@zzg_zzm Thanks for your reply. But I thought it still not solve the problem, that is to say I can't obviously see how first match leads to minimum?
Instead define T as any positive period of f, I think the right logic should be
L is the first match position, L <= T, T is the minimum period of f
Because f is period of L(from your original proof), L >= T
=> L == T
Forgive my verbosity.
@yaopiupiupiu Yeah, I think your are right. I think I forgot the inner loop, but substr won't make difference here, as the comparison takes also linear time. I believe it is actually O(Number_of_divisors * Length_of_string) which is bounded by O(n^1.5), which seems cumbersome.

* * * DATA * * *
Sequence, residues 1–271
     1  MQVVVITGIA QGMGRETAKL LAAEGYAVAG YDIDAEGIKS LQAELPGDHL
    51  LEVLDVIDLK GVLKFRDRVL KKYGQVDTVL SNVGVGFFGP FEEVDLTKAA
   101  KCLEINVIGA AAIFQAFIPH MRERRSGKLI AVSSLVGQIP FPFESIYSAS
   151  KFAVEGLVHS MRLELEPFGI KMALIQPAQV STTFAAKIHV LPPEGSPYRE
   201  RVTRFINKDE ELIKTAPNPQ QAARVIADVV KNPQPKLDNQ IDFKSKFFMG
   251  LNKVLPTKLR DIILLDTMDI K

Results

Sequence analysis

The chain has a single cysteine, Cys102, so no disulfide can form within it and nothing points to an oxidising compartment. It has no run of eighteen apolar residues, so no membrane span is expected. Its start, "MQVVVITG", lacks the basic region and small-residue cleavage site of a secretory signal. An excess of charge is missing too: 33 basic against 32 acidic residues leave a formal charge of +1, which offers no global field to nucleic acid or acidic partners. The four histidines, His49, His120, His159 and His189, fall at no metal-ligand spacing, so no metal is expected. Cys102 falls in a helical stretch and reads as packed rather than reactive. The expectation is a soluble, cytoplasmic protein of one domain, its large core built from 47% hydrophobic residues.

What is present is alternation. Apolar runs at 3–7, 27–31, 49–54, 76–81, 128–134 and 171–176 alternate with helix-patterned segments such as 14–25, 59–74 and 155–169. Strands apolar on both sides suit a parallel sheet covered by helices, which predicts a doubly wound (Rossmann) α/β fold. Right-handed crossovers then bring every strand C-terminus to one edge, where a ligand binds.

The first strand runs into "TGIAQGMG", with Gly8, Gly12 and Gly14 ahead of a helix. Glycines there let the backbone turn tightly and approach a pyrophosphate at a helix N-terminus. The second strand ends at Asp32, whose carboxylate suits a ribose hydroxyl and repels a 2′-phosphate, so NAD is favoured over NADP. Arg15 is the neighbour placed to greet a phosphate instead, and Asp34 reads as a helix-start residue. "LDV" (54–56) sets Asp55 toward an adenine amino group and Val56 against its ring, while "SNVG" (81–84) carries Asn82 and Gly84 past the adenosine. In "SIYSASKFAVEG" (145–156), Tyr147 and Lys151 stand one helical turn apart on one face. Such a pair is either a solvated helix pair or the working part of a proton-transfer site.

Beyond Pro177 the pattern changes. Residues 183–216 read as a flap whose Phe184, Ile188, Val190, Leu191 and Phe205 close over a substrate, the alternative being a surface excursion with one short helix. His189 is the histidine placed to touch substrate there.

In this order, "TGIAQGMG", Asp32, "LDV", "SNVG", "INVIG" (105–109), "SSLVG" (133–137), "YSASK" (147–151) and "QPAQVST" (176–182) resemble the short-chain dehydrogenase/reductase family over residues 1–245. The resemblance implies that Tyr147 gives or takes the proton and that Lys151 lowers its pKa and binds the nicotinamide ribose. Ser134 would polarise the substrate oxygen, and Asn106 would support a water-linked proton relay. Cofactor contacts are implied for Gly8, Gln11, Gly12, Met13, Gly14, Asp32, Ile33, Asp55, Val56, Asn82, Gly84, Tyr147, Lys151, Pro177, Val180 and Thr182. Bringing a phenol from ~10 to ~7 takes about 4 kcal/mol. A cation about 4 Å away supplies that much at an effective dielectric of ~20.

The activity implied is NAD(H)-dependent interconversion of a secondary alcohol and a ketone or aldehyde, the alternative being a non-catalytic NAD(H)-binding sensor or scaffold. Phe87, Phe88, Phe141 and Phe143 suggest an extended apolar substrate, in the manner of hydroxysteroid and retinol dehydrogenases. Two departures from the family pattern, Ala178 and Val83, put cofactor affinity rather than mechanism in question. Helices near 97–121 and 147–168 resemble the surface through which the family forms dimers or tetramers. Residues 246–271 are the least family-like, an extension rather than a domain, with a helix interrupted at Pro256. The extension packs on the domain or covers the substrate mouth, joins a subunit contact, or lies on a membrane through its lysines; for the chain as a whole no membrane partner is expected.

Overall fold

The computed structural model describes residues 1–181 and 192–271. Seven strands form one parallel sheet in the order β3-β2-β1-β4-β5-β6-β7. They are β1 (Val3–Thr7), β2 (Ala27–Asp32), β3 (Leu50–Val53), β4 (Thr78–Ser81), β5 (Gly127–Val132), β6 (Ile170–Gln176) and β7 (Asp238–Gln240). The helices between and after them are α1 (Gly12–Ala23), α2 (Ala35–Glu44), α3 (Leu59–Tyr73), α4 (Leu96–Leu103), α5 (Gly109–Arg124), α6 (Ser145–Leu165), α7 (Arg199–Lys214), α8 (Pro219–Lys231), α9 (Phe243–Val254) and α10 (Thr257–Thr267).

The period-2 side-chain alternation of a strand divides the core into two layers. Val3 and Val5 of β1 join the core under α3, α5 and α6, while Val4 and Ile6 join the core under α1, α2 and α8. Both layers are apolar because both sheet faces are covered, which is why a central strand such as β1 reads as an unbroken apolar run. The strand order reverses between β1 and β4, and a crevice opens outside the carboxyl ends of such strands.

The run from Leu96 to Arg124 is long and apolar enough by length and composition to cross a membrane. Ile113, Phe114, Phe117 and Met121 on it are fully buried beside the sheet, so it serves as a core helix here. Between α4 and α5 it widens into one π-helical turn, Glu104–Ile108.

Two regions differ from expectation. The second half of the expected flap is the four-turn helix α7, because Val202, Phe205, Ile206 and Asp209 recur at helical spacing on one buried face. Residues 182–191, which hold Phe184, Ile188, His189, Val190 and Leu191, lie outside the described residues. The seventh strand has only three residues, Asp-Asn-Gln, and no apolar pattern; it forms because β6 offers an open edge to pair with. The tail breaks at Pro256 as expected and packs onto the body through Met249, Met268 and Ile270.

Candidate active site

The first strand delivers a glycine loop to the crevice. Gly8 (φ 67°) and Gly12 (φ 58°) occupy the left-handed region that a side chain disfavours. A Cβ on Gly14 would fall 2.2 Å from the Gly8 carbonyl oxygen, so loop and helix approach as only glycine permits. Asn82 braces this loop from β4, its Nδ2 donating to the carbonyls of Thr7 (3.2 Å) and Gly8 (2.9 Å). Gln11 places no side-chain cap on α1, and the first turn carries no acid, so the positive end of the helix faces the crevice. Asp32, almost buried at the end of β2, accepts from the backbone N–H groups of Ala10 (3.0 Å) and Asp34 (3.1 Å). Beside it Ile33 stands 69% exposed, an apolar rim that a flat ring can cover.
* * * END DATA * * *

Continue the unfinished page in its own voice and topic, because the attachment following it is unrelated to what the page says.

What's more, so far, I can not see how to reduce this complexity but it seems to me that it's kind of huge. I would be glad to hear if there is any idea to improve it!
Nice solution, clear and neat code and runs very fast. I think the time complexity should be O(n^4), where n is the length of s. The outer loop plus find prefix contributes n^2, while the mem map will store up to all potential substrings of s, which contributes n^2, so the final time complexity should be O(n^4)
How did you get O(n^3)? Your for loop recursive function looks worse than n!. Just imagine a large n, you break that up in every partition and then do another recursive call for each part. (1,n-1),(2,n-2)...etc